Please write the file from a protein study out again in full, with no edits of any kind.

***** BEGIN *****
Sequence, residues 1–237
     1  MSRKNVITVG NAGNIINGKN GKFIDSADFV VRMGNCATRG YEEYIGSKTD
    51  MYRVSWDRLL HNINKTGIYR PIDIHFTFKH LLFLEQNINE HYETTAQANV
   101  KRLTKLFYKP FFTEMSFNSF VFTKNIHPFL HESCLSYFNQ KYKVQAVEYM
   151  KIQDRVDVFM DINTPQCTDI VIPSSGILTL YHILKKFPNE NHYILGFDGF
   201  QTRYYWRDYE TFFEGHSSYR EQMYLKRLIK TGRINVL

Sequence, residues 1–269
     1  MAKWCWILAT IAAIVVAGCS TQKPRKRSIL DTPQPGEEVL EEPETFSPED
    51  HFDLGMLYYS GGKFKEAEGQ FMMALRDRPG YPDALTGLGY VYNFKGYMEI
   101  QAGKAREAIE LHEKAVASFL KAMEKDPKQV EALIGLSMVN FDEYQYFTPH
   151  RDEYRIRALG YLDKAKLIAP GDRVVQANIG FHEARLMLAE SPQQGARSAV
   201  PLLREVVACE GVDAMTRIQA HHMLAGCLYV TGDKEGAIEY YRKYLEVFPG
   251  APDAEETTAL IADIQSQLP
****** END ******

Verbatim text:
Sequence, residues 1–237
     1  MSRKNVITVG NAGNIINGKN GKFIDSADFV VRMGNCATRG YEEYIGSKTD
    51  MYRVSWDRLL HNINKTGIYR PIDIHFTFKH LLFLEQNINE HYETTAQANV
   101  KRLTKLFYKP FFTEMSFNSF VFTKNIHPFL HESCLSYFNQ KYKVQAVEYM
   151  KIQDRVDVFM DINTPQCTDI VIPSSGILTL YHILKKFPNE NHYILGFDGF
   201  QTRYYWRDYE TFFEGHSSYR EQMYLKRLIK TGRINVL

Sequence, residues 1–269
     1  MAKWCWILAT IAAIVVAGCS TQKPRKRSIL DTPQPGEEVL EEPETFSPED
    51  HFDLGMLYYS GGKFKEAEGQ FMMALRDRPG YPDALTGLGY VYNFKGYMEI
   101  QAGKAREAIE LHEKAVASFL KAMEKDPKQV EALIGLSMVN FDEYQYFTPH
   151  RDEYRIRALG YLDKAKLIAP GDRVVQANIG FHEARLMLAE SPQQGARSAV
   201  PLLREVVACE GVDAMTRIQA HHMLAGCLYV TGDKEGAIEY YRKYLEVFPG
   251  APDAEETTAL IADIQSQLP